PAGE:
Journal of World Prehistory

, Volume 5, Issue 3, pp 193–231

Late Pleistocene mammalian extinctions in North America: Taxonomy, chronology, and explanations

  • Donald K. Grayson

DOI: 10.1007/BF00974990

Cite this article as:
Grayson, D.K. J World Prehist (1991) 5: 193. doi:10.1007/BF00974990


Toward the end of the Pleistocene, North America lost some 35 genera of mammals. It has long been assumed that all or virtually all of the extinctions occurred between 12,000 and 10,000 years ago, but detailed analyses of the radiocarbon chronology provide little support for this assumption, which seems to have been widely accepted because of the kinds of explanations felt most likely to account for the extinctions in the first place. Approaches that attribute the losses to human predation depend almost entirely on the assumed synchroneity between the extinctions and the onset of large mammal hunting by North American peoples. The fact that only two of the extinct genera have been found in a convincing kill context presents an overwhelming problem for this approach. Climatic models, on the other hand, are becoming increasingly precise and account for a wide variety of apparently synchronous biogeographic events. While a role for human activities in the extinction of some taxa is fully possible, there can be little doubt that the underlying cause of the extinctions lies in massive climatic change.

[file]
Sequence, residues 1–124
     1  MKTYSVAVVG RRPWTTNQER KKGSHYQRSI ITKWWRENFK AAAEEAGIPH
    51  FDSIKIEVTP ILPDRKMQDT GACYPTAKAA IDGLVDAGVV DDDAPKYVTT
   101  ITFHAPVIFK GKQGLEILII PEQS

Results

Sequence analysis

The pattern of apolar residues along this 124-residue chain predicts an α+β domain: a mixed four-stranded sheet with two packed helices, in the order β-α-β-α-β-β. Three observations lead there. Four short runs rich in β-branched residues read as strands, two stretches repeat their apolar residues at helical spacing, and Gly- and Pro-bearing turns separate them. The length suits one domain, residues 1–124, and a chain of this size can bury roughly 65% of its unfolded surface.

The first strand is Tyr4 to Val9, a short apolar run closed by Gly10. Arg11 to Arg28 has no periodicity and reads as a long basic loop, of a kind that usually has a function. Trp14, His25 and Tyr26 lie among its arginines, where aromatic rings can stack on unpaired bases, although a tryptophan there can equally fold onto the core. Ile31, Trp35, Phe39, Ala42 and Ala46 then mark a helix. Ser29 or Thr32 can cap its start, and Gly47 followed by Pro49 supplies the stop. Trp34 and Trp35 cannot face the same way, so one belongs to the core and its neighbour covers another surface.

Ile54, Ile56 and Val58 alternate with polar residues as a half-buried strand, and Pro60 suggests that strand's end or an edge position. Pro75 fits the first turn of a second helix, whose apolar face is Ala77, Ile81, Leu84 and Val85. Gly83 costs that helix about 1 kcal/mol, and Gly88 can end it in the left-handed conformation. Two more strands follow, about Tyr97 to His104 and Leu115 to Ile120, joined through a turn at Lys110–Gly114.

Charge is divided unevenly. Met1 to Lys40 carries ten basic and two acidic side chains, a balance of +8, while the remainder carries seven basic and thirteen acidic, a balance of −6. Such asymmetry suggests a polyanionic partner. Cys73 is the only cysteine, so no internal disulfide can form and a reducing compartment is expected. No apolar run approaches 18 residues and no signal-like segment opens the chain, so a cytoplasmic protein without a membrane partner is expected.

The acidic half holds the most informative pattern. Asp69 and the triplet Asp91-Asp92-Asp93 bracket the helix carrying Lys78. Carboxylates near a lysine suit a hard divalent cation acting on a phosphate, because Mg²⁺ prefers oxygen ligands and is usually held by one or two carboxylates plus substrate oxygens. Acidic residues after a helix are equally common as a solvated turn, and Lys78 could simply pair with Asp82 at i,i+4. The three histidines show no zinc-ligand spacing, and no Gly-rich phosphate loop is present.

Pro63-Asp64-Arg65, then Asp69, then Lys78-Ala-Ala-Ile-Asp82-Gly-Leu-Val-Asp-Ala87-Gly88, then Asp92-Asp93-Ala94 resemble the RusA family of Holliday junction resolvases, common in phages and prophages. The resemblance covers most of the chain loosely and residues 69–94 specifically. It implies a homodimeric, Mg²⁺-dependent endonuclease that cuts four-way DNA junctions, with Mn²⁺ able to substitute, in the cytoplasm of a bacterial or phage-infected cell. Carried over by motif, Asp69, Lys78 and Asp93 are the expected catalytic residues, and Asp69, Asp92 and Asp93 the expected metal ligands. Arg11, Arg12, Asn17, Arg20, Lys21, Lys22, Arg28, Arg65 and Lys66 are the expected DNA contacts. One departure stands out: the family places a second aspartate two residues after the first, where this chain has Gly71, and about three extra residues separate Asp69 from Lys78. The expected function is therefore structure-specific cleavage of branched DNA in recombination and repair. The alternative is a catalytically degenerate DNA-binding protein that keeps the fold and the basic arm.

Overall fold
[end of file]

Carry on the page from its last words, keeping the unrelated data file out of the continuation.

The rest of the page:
Key words

extinctionsNorth American prehistoryPleistocenevertebrate paleontology

Copyright information

© Plenum Publishing Corporation 1991

Authors and Affiliations

  • Donald K. Grayson
    • 1
  1. 1.Department of Anthropology and Quaternary Research CenterUniversity of WashingtonSeattle